Claim: “Whether young or old, rich or poor, insured or uninsured, people in the US find the care they need—care always respectful of their dignity as human persons—at Catholic-sponsored health care facilities … [Catholic hospitals are] a passionate voice for compassionate care.” –Sr. Carol Keehan, CHA President and CEO, “Catholic Health Association Brochure,” 2010.

In Fact: Catholic hospitals routinely deny basic reproductive health-care services, leaving women without the respectful care that the CHA claims to provide. The Catholic health-care system indeed provides some important services in communities across the United States. The reality is, however, that the CHA and USCCB aim to highlight their commitment to human dignity and the poor while simultaneously refusing to meet the health needs of the people they serve.

By banning most services for women experiencing miscarriages, seeking to avoid pregnancy, or in need of abortion care, and turning away couples attempting to conceive a child through new reproductive technologies, Catholic hospitals in fact demonstrate a lack of compassionate understanding of peoples’ lives.

Even in instances in which the directives allow some reproductive health-care services, such as the emergency contraception provision for rape survivors included in Directive 36, many Catholic hospitals still refuse to comply with basic standards of medical care. In a 1999 survey of 589 Catholic hospitals, 82 percent stated that they did not provide EC under any circumstances. In a 2002 study, 328 of the 597 Catholic hospital emergency rooms surveyed refused to dispense EC under any circumstances.[xii] In 2006, only 37 percent of Catholic hospitals surveyed stated that EC was available for sexual assault patients at their hospital, while 35 percent stated that EC was not available under any circumstances. For the sexual assault survivor who turns to a Catholic emergency room during her time of crisis and is denied emergency contraception, the CHA’s dedication to “compassionate care” may ring false. In addition, a recent study examined the impact that the directives have on the care pregnant women receive at Catholic hospitals and concluded that women presenting with symptoms related to ectopic pregnancies were denied information about, and access to, possible treatments.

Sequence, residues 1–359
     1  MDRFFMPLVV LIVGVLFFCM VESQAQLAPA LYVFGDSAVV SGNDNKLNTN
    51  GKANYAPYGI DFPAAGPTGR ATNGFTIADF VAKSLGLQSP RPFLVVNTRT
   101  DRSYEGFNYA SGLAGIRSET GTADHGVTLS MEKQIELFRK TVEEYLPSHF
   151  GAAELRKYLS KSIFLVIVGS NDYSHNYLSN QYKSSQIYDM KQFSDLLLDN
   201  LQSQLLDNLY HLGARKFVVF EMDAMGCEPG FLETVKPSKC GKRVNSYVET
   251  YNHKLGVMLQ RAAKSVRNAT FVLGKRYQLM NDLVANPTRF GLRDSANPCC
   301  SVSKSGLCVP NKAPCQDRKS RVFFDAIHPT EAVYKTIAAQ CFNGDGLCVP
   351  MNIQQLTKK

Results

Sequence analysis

Claim: “[Catholic hospitals] operate not out of a profit motive but out of charity. In 1998, for example, the nation’s 637 Catholic hospitals’ service to the poor resulted in a $2.8 billion financial loss.” –Maureen Kramlich, US Conference of Catholic Bishops’ Secretariat for Pro-Life Activities, “The Assault on Catholic Health Care,” 2002.

In Fact: Catholic hospitals operate under the same tax laws as other nonprofit hospitals, charge market rates for health care services, receive the same government funding as non-Catholic hospitals and do not provide any more charity than other health care systems. In 2002, a MergerWatch study found that public hospitals provided twice as much free care as Catholic hospitals, based on charity write-offs.

Furthermore, directly following the “merger mania” of the mid-1990’s, some Catholic health systems actually saw double-digit revenue surges compared to previous years. In 2004, Ascension Health, the largest Catholic system and sixth-largest health-care system overall based on its number of acute-care hospitals in 2003, achieved a $10.04 billion, or 11 percent, revenue growth in the fiscal year ending in 2004.

U.S. tax dollars continue to fund Catholic hospitals, which do not provide the full range of health services. A 2002 study of over 600 religiously affiliated hospitals found that they received more than $45 billion in public funds. Approximately half of this revenue was received from Medicare, Medicaid and other government programs.

As a 501(c)(3) nonprofit organization, the CHA itself also benefits from tax breaks similar to those provided to charitable, religious, educational, literary, scientific, public safety, amateur sports, children’s and animal rights organizations such as the American Cancer Society, the Poetry Foundation and American Society for the Prevention of Cruelty to Animals. By the conclusion of the fiscal year ending on June 30, 2010, CHA had garnered over $26 million in assets.

Tax breaks and government funding to organizations that do not provide the full range of reproductive health do not bode well for the health of U.S. Catholic and non-Catholic taxpayers. During the 2009 health-care reform debate, the majority of Catholic voters (65 percent) indicated that hospitals and clinics that receive taxpayer dollars should not be allowed to refuse to provide medical procedures or medications based on religious beliefs. A majority of Catholic voters (60 percent) also believe that hospitals and clinics that take taxpayer dollars should be required to include condoms as part of HIV prevention.[xx]Women, meanwhile, disapprove of circumstances in which a Catholic hospital would become the only medical institution in their community (68 percent), while 85 percent reject the idea that Catholic hospitals receiving government money should be allowed to ban procedures because of religious beliefs.